“In no society are women and men on equal terms” (Irina Bokova, 2010)
Globally, some 39 million girls of lower secondary age are currently not enrolled in either primary or secondary education, while two-thirds of the world’s 796 million illiterate adults are women. Only about one-third of countries have achieved gender parity at secondary level. The evidence shows that something needs to change.
The IIEP 2011 Evidence-Based Policy Forum on Gender Equality in Education: Looking Beyond Parity, aimed to review how schools and the education system as a whole can function pro-actively in the equal interests of girls and of boys, men and women. Much of the currently available research on gender equality in education has focused on gender parity in terms of access to primary and secondary schools (including how this is related to engagement of women within the teaching profession and the education system more broadly). More recently, evidence has emerged that looks beyond access, examining gender equality in more depth in terms of learning achievement.
In addition, there is a dearth of evidence that focuses on leadership patterns in educational planning and management. Although there is increasing evidence in the private sector that increased diversity at senior levels of management makes economic sense, this has so far not been translated systematically to the public sector. This is despite the increased feminization of the teaching profession at the lower levels of education. It is still the case that in most countries, the most senior management and leadership positions in education are occupied by men. The evidence presented during the Policy Forum examined some of the multiple reasons why this is the case.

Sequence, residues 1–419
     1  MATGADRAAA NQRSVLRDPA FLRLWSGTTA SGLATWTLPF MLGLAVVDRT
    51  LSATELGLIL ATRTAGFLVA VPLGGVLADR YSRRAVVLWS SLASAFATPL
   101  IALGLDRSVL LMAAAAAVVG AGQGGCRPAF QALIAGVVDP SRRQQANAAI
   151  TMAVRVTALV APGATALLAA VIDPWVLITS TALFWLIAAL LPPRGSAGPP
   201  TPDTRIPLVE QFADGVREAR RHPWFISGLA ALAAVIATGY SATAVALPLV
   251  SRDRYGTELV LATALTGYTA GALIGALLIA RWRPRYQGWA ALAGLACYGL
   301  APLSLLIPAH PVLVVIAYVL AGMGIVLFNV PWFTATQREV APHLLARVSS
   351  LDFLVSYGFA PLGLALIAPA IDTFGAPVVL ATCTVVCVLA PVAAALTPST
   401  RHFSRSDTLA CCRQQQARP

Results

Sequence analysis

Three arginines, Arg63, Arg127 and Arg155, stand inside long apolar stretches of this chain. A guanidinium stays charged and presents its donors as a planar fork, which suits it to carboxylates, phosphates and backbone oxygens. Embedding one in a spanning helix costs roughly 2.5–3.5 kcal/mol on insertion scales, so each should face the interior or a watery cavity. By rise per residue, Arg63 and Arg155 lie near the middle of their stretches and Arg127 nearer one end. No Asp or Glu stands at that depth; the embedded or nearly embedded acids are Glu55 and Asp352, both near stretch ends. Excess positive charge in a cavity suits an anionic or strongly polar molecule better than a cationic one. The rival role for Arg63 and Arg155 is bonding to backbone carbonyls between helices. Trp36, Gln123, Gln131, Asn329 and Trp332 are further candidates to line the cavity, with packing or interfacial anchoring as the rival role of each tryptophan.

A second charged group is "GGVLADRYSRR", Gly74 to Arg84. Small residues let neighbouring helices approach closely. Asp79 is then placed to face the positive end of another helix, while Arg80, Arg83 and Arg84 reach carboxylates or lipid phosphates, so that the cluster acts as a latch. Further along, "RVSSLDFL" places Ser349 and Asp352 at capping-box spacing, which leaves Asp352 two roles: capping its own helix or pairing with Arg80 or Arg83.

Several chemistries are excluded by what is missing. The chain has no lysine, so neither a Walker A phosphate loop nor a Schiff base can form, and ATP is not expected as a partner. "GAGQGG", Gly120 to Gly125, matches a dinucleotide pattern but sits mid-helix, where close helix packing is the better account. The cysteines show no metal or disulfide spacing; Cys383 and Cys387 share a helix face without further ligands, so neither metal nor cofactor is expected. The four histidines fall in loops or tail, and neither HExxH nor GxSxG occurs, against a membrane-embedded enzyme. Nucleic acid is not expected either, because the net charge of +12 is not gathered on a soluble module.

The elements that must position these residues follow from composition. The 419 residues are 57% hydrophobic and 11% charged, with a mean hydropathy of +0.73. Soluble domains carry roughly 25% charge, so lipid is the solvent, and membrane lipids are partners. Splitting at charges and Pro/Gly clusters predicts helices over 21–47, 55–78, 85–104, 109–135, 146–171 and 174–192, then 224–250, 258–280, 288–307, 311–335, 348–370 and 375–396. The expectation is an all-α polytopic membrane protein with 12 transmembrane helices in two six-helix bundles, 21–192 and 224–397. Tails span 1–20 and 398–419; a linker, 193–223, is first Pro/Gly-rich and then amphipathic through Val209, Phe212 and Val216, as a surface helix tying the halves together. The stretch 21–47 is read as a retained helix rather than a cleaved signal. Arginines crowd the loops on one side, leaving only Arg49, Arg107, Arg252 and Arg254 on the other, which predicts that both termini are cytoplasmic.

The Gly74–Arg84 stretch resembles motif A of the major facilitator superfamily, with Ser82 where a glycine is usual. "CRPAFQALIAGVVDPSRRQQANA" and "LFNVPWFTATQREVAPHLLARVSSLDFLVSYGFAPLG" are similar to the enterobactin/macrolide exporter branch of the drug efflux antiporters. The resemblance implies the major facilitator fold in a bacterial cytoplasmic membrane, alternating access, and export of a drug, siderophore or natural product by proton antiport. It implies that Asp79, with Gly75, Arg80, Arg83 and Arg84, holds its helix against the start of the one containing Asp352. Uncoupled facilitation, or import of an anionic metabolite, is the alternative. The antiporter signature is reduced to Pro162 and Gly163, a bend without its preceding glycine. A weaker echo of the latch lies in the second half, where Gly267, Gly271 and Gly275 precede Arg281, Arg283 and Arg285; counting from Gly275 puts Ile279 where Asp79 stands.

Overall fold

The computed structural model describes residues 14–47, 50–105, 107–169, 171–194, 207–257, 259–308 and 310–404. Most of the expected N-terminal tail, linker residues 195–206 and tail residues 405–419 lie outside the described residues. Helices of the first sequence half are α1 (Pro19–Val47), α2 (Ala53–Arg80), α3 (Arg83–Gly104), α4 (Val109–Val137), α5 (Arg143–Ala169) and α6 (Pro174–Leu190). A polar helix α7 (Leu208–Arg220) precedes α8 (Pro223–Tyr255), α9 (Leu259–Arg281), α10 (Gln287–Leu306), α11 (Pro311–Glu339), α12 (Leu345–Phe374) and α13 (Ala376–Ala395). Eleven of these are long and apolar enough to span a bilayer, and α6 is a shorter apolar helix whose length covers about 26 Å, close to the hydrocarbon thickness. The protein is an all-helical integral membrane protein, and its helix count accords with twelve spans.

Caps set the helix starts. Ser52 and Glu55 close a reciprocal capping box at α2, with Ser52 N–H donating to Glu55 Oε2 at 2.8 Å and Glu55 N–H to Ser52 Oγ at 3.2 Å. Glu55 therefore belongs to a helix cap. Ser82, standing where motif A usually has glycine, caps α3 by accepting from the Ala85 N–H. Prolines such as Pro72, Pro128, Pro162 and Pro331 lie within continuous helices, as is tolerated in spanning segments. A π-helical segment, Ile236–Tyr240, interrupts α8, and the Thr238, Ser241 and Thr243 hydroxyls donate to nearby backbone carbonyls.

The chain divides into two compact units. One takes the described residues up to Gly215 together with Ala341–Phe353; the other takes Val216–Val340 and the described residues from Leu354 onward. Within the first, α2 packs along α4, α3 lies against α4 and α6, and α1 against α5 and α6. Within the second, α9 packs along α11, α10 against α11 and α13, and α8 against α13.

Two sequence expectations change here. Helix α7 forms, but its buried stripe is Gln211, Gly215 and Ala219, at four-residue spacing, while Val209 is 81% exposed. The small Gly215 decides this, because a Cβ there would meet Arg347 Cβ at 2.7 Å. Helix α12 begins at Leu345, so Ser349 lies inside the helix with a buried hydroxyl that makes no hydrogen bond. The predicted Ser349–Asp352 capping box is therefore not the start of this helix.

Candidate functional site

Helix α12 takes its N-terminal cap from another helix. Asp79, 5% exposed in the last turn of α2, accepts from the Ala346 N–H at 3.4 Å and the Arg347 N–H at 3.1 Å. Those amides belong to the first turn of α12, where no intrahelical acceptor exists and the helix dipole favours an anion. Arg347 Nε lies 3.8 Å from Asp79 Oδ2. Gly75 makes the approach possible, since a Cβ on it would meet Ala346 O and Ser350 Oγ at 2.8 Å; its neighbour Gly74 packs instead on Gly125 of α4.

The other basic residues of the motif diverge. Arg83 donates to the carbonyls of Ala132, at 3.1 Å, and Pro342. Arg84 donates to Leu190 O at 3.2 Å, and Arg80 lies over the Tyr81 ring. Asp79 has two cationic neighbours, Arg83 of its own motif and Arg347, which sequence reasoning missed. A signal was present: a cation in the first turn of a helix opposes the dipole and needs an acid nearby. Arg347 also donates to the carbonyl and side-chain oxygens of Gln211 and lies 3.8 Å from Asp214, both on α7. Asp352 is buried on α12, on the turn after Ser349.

Therefore, the Policy Forum presented evidence relating to two aspects of gender equality in education:
- at the school and classroom level – analysis of gender differences in student achievement in relation to classroom teaching, school environment, and local context; and
- at the ministry of education level (both central and decentralized levels) – improvement of gender equality in relation to educational leadership in planning and management.
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